"Ukraine and Russia 1 Win Gold at the World Chess Olympiad 2010"

2010 World Chess Olympiad:  Final Report

FIDE.com

The national men’s team of Ukraine clinched the gold medal at the 39th World Chess Olympiad in Khanty-Mansiysk after the exciting final round in which top two pairings both played 2-2. Ukraine split the points with Israel, but Russia 1 couldn’t benefit on this result as they also played 2-2 versus Spain.

The impressive team of Ukraine (GM Ivanchuk Vassily, GM Ponomariov Ruslan, GM Eljanov Pavel, GM Efimenko Zahar, GM Moiseenko Alexander), who won eight matches and allowed only three ties, took the gold medal by lining the same four players for the last seven rounds. They allowed only three individual losses throughout the event.

Russia 1 (GM Kramnik Vladimir, GM Grischuk Alexander, GM Svidler Peter, GM Karjakin Sergey, GM Malakhov Vladimir) claimed the silver medal with 18 match points. The 5th round defeat against Hungary appears to have taken away the gold.

Israel (GM Gelfand Boris, GM Sutovsky Emil, GM Smirin Ilia, GM Rodshtein Maxim, GM Mikhalevski Victor), seeded only 11th, once again surpassed the expectations and took a bronze medal by edging Hungary on better tiebreak scores. Both teams have collected 17 match points. Israel was Silver in the 2008 Chess Olympiad in Dresden.

Fantastic Russia 1 women secured the gold medal with one round to spare. Even in the “mathematically irrelevant” last round encounter against their compatriots Russia 2, the top-seeded team did not relax, and signed yet another victory to achieve the historic perfect score at the Chess Olympiad.

The winning lineup: GM Kosintseva Tatiana, IM Kosintseva Nadezhda, GM Kosteniuk Alexandra, IM Galliamova Alisa and WGM Gunina Valentina.

Silver is China with 18 match points:  GM Hou Yifan, WGM Ju Wenjun, GM Zhao Xue, WGM Huang Qian and IM Wang Yu.

Third place saw a massive tie of six teams with 16 points each. But the 2008 Olympic champions from Georgia beat everyone on additional criteria and took a bronze medal.

Medal winners open section

Board 1:

  • Gold medal, Vassily Ivanchuk (Ukraine), 8/10, TPR 2890
  • Silver medal, Levon Aronian (Armenia), 7.5/10, TPR 2888
  • Bronze medal, Ian Nepomniachtchi (Russia 2), 6.5/9, TPR 2821

Board 2:

  • Gold medal, Emil Sutovsky (Israel), 6.5/8, TPR 2895
  • Silver medal, Zoltan Almasi (Hungary), 7/10, 2801
  • Bronze medal, Wang Hao (China), 7.5/10, TPR 2783

Board 3:

  • Gold medal, Vitaly Teterev (Belarus), 7/8, TPR 2853
  • Silver medal, Pavel Eljanov (Ukraine), 7/10, TPR 2737
  • Bronze medal, Sergei Rublevsky (Russia 3), 8/11, TPR 2727

Board 4:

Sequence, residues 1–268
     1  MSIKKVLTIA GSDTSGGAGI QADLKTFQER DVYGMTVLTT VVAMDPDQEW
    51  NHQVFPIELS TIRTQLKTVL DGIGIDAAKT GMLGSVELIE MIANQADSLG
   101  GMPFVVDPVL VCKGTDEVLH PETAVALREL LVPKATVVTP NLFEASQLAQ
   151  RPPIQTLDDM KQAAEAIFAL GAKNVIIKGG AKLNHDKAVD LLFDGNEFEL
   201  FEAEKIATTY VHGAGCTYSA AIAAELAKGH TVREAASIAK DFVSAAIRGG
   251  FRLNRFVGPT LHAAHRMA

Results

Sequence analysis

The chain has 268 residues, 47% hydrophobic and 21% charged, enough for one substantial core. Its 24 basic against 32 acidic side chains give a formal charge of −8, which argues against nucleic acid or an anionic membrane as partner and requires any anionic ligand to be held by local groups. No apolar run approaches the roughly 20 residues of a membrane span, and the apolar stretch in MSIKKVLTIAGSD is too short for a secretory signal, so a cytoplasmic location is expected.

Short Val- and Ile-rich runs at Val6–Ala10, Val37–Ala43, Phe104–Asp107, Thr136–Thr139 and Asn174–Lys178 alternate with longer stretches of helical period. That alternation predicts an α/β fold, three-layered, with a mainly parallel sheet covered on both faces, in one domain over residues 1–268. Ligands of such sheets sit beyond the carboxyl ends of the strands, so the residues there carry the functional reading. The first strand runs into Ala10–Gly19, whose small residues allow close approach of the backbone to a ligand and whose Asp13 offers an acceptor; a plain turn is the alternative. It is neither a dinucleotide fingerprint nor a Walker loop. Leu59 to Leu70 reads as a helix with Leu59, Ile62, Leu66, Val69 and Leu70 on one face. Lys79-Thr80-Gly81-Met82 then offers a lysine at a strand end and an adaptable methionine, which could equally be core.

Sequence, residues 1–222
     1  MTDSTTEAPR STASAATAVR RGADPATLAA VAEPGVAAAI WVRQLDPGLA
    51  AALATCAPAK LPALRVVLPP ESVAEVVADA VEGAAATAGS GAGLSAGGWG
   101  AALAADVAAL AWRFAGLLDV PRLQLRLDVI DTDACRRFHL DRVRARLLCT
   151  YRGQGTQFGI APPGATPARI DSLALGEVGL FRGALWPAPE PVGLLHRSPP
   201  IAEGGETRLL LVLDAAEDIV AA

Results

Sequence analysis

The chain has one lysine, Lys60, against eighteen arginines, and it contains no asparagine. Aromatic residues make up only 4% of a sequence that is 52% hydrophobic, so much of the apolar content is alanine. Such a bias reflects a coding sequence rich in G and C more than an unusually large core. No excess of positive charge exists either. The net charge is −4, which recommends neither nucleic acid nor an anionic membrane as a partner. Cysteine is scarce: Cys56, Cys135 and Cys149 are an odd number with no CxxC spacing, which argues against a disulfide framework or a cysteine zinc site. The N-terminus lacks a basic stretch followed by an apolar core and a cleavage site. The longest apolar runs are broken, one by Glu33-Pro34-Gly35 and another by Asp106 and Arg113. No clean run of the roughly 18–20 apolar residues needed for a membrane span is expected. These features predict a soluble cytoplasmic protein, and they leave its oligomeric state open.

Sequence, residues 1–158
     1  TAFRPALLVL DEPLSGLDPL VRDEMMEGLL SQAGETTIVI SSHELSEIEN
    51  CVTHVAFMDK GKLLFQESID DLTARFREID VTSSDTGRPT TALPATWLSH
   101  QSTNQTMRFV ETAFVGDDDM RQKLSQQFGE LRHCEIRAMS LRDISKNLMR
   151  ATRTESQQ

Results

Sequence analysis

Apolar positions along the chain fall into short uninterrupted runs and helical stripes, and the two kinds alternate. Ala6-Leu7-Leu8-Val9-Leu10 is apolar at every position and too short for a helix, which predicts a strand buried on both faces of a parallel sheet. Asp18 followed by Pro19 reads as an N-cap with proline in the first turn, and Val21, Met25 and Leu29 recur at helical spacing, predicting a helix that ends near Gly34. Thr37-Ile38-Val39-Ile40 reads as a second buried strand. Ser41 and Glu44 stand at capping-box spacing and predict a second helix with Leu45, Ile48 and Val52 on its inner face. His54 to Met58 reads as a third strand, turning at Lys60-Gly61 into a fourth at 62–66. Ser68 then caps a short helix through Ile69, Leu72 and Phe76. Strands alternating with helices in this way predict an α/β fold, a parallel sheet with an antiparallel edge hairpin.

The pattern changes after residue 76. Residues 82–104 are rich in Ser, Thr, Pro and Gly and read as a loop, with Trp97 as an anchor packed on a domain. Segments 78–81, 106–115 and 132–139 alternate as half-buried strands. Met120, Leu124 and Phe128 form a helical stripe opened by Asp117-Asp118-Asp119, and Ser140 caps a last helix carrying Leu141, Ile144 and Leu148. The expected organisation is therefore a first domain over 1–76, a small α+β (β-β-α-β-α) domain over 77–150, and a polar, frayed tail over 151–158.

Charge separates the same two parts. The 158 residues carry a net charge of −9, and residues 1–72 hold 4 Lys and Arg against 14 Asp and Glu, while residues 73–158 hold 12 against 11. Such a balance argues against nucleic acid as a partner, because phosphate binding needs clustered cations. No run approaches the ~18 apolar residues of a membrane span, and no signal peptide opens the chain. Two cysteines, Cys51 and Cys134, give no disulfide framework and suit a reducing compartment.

• Gold medal, Sergey Karjakin (Russia 1), 8/10, TPR 2859
  • Silver medal, Zahar Efimenko (Ukraine), 8.5/11, TPR 2783
  • Bronze medal, Anish Giri (The Netherlands), 8/11, TPR 2730

Board 5:

  • Gold medal, Sebastien Feller (France), 6/9, TPR 2708
  • Silver medal, Mateusz Bartel (Poland), 7/9, TPR 2706
  • Bronze medal, Vlastimil Babula (Czech Republic), 7/9, TPR 2668

Medal winners women section

Board 1:

  • Gold medal, Tatiana Kosintseva (Russia 1), 7/10, TPR 2628
  • Silver medal, Zeinab Mamedjarova (Azerbaijan), 9/11, TPR 2623
  • Bronze medal, Hou Yifan (China), 8/11, TPR 2573

Board 2:

  • Gold medal, Nadezhda Kosintseva (Russia 1), 8.5/10, TPR 2662
  • Silver medal, Ju Wenjun (China), 9.5/11, TPR 2636
  • Bronze medal, Pham Le Thao Nguyen (Vietnam), 8.5/10, TPR 2481

Board 3:

  • Gold medal, Yaniet Marrero Lopez (Cuba), 7/8, TPR 2511
  • Silver medal, Salome Melia (Georgia), 7/10, TPR 2458
  • Bronze medal, Ilze Berzina (Latvia), 9/11, TPR 2450

Board 4:

  • Gold medal, Inna Gaponenko (Ukraine), 7.5/8, TPR 2691
  • Silver medal, Anastasia Bodnaruk (Russia 2), 7/8, TPR 2569
  • Bronze medal, Olga Vasiliev (Israel), 7/9, TPR 2379

Board 5:

  • Gold medal, Mariya Muzychuk (Ukraine), 6.5/9, TPR 2431
  • Silver medal, Alina Kashlinskaya (Russia 2), 5.5/9, TPR 2327
  • Bronze medal, Bela Khotenashvili (Georgia), 5/8, TPR 2289

Russia won the Nona Gaprindashvili Cup, which is given for the best combined score of men and women teams. The runners-up were China, and Ukraine took the third place in this nomination.

It was a great event, maybe the best Olympiad ever. “We must pray for such organizers”, said the FIDE Honorary Vice-President Israel Gelfer, and his opinion was more or less accepted by all participants and guests of the competition. Everything from accommodation to transportation and catering was absolutely perfect.

“I was a bit worried when Khanty-Mansiysk won the right to organize the Olympiad two years ago, – said Ali Yazici, President of the Turkish Chess Federation. – Now I am worried whether we manage to organize our Olympiad in 2012 at the similarly outstanding level”.

A colorful closing ceremony concluded the Olympiad. Five thousand spectators congratulated the winners and medalists of the competition, who received their trophies from Kirsan Ilyumzhinov, FIDE President; Alexander Zhukov, Chairman of the Russian Olympic Committee and Natalya Komarova, Governor of Ugra.

Full results and pairings, in addition to interviews, are available on the official website.

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